Transmasculine reproduction

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One of the several Transgender Pride Flags that are commonly used

Transmasculine reproduction is when an individual with a masculine gender identity, who was born with biologically female reproductive organs, conceives and births a child. Transmasculine individuals were assigned female at birth, but identify more on the male side of the gender spectrum than on the female side. These individuals may identify with some stereotypically masculine behaviors and gender performances, but may not necessarily identify with all aspects of masculinity or refer to themselves as “a man”.[1] They are also born with mammary glands and milk ducts,[2] so in most cases it is also possible for them to breastfeed or “chest feed” their children even if they have had their breast surgically removed. Transmasculine reproduction is a matter of sexual and reproductive health,[3] but transmasculine individuals commonly deal with lack of cooperation from health care professionals when attempting to seek medical attention for stereotypically “woman’s health issues”.[2]


Transmasculine individuals have several terms they use to describe the act of feeding their children with their bodies natural lactation. Some commonly used terms include chestfeeding,[4] breastfeeding, nursing, feeding, and mammal feeding.[5] Chestfeeding is a term that can be used by both cisgender and transgender parents to describe feeding their baby, since it is not gender exclusive. The term breastfeeding can cause feelings of gender dysphoria among transgender men. Gender dysphoria[6] is the emotional and psychological distress a person experiences when their gender identity does not aligned with their biological sex, and it can cause extreme anxiety, stress, and depression for those who experience it. Referring to transmasculine people’s chest as breasts can some trigger this dysphoria,[7] which is why gender neutral terms are often preferred.[4] Gender dysphoria can also come to transmasculine individuals through the action of holding their baby to their chest to nurse,[2] since it is a traditionally female action. 

Although both men and women are born with breasts, the presence of grown breasts on a transgender individual assigned female at birth can lead them to feel extreme discomfort in how their body aligns with their gender identity. It is a common choice for transgender men to have bilateral mastectomies or “chest surgery” due to the gender dysphoria surrounding their breasts. After a transmasculine individual has undergone a bilateral mastectomy their female breasts are no longer present, but they still have some mammary tissue and the ability to lactate.[7] It is not always easy for transgender men to lactate after chest surgery, but with the help of lactation nurses the option is available for those who feel comfortable doing so. Chestfeeding is a personal choice made by some, but not all transmasculine parents and it is just one aspect of transmasculine reproduction.[7]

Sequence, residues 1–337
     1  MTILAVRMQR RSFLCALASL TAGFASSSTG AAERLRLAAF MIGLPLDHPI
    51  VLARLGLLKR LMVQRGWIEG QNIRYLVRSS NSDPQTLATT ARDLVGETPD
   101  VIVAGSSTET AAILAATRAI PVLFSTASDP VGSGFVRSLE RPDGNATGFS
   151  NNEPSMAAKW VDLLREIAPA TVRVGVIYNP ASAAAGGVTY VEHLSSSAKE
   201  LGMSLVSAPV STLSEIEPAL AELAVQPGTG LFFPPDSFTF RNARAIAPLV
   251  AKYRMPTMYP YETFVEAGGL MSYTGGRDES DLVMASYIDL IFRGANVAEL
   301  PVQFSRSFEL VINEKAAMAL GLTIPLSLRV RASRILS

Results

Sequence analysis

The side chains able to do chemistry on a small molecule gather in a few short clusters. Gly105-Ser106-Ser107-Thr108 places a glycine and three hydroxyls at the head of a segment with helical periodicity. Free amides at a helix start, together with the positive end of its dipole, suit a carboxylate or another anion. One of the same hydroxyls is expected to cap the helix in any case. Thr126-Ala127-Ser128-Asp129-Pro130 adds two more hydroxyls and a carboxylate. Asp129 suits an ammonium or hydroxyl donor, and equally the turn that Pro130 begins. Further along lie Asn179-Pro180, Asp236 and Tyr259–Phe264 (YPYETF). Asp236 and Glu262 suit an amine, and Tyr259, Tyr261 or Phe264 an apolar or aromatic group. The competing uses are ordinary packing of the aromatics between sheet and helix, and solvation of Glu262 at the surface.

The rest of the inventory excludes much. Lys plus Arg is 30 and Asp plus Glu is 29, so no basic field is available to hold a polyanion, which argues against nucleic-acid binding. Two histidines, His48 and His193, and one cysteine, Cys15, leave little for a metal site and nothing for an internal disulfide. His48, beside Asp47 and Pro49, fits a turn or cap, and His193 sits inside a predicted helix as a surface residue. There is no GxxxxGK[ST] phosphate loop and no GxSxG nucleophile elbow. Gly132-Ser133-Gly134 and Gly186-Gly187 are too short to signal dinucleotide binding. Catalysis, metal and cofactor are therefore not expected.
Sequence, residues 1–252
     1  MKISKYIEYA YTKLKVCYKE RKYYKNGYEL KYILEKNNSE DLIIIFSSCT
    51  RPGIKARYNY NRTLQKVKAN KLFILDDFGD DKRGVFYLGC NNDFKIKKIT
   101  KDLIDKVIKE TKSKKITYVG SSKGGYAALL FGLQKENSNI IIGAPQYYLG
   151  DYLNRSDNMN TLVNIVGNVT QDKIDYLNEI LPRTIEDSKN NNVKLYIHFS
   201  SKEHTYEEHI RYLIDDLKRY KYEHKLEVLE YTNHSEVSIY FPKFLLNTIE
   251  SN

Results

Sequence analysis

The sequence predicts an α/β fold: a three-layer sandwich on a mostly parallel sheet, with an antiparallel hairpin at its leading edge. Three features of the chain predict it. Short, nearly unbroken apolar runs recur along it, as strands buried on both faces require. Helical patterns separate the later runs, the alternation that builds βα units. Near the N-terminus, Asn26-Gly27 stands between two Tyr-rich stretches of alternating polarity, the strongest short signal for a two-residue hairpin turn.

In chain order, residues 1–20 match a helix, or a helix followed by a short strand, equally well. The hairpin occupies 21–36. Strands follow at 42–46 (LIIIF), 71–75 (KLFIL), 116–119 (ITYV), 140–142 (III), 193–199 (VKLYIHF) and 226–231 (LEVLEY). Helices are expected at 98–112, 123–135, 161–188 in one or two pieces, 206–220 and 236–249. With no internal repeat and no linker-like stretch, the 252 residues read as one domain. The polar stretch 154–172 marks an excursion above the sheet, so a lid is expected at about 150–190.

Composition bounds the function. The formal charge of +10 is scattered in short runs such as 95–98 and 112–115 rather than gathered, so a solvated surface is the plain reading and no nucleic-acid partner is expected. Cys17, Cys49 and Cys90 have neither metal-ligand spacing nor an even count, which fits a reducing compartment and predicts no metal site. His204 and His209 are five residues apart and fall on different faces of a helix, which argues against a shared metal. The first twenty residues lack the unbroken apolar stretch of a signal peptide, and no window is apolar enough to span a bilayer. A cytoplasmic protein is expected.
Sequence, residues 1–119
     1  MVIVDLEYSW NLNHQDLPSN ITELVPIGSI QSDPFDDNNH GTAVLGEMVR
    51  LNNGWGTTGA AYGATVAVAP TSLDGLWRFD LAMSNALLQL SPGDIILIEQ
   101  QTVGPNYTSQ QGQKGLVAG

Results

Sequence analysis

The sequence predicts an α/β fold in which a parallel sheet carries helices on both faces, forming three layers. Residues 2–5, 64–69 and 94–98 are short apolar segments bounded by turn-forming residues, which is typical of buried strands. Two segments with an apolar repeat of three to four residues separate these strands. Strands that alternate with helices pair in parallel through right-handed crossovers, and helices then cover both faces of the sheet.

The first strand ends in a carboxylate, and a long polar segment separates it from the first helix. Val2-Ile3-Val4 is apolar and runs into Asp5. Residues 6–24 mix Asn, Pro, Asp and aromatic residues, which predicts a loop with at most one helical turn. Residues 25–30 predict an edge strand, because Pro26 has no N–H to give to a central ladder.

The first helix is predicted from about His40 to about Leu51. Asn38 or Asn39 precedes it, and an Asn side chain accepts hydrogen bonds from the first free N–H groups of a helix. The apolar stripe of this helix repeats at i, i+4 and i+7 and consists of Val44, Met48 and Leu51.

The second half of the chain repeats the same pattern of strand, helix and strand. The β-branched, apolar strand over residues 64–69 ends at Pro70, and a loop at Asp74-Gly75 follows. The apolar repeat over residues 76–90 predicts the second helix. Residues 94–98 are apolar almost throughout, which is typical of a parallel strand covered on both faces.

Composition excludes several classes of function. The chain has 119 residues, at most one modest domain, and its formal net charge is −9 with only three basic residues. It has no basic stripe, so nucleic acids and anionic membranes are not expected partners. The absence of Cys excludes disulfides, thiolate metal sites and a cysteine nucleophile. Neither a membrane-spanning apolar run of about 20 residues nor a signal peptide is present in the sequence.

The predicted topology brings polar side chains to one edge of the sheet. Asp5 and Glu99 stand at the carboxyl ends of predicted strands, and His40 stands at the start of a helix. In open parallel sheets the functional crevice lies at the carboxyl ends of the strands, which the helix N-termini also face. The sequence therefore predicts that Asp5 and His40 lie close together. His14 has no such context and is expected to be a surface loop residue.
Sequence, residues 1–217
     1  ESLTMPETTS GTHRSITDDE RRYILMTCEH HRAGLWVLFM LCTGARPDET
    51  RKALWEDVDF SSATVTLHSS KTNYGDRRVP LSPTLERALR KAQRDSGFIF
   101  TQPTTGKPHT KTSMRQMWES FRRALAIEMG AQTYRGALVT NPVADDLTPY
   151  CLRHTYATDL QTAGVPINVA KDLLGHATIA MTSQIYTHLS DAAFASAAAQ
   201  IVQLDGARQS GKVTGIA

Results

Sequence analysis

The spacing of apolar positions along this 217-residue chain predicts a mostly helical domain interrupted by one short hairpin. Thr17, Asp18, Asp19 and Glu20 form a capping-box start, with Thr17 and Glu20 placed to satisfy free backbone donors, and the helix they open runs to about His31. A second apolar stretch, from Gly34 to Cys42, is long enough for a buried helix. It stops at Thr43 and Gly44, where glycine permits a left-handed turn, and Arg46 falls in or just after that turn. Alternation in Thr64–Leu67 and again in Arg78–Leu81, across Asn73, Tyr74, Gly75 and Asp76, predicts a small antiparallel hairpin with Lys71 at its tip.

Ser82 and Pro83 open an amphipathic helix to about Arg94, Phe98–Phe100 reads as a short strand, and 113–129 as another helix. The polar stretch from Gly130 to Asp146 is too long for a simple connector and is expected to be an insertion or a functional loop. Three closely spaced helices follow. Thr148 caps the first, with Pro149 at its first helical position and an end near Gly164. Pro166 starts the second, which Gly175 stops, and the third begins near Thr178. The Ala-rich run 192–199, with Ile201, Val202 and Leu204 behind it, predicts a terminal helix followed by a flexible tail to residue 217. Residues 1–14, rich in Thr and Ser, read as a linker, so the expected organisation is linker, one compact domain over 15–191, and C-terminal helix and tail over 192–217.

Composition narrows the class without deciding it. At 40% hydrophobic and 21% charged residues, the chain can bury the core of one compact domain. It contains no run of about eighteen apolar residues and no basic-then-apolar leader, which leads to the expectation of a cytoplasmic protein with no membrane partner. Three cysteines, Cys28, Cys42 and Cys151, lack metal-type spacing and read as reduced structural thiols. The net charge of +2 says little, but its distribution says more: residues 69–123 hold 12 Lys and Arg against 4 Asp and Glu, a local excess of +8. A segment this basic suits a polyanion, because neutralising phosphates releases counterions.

Sexual and reproductive health care[edit]

Even though transmasculine individuals do not identify as women, they still need to screened for the same sexual and reproductive health problems covered in women’s health as long as they have biologically female organs. Most transmasculine individuals are at risk for women’s heath problems like cervical, ovarian, and uterine cancers,[3] unless they have their female organs removed as a part of their transition. Health care providers are not always aware of the necessity for transmasculine people to be tested for women’s health problems. There have been many instances of providers discriminating against trans individuals either by refusing service and treatment or being verbally abusive.[3] Doctors and health care providers should be aware of the needs of patients so they can properly treat them while respecting their gender identity so as to not create further gender dysmorphia.[8] Clinical management of transmasculine patients can be complicated by a lack of knowledge about treatments which may be unfamiliar to physicians and failure to accommodate these patients within healthcare systems leads to deficient health policy. 


  1. ^ Engdahl, Ulrica (2014-05-01). "Wrong Body". TSQ: Transgender Studies Quarterly. 1 (1–2): 267–269. doi:10.1215/23289252-2400226. ISSN 2328-9252.
  2. ^ a b c "What It's Like to Chestfeed".
  3. ^ a b c "Trans Men's Health is a "Women's Health" Issue: Expanding the Boundaries of Sexual & Reproductive Health Care".
  4. ^ a b MacDonald, Trevor; Noel-Weiss, Joy; West, Diana; Walks, Michelle; Biener, Marylynne; Kibbe, Alanna; Myler, Elizabeth (2016). "Transmasculine individuals' experiences with lactation, chestfeeding, and gender identity: a qualitative study". BMC Pregnancy and Childbirth. 16. doi:10.1186/s12884-016-0907-y.
  5. ^ "What Is Chestfeeding & How Does It Relate To Breastfeeding?".
  6. ^ Diagnostic and Statistical Manual of Mental Disorders. DSM Library. American Psychiatric Association. 2013-05-22. doi:10.1176/appi.books.9780890425596.dsm14. ISBN 0890425558.
  7. ^ a b c "Transgender Parents Chest/Breastfeeding".
  8. ^ Snelgrove, John W.; Jasudavisius, Amanda M.; Rowe, Bradley W.; Head, Evan M.; Bauer, Greta R. (2012-01-01). ""Completely out-at-sea" with "two-gender medicine": A qualitative analysis of physician-side barriers to providing healthcare for transgender patients". BMC Health Services Research. 12: 110. doi:10.1186/1472-6963-12-110. ISSN 1472-6963. PMC 3464167. PMID 22559234.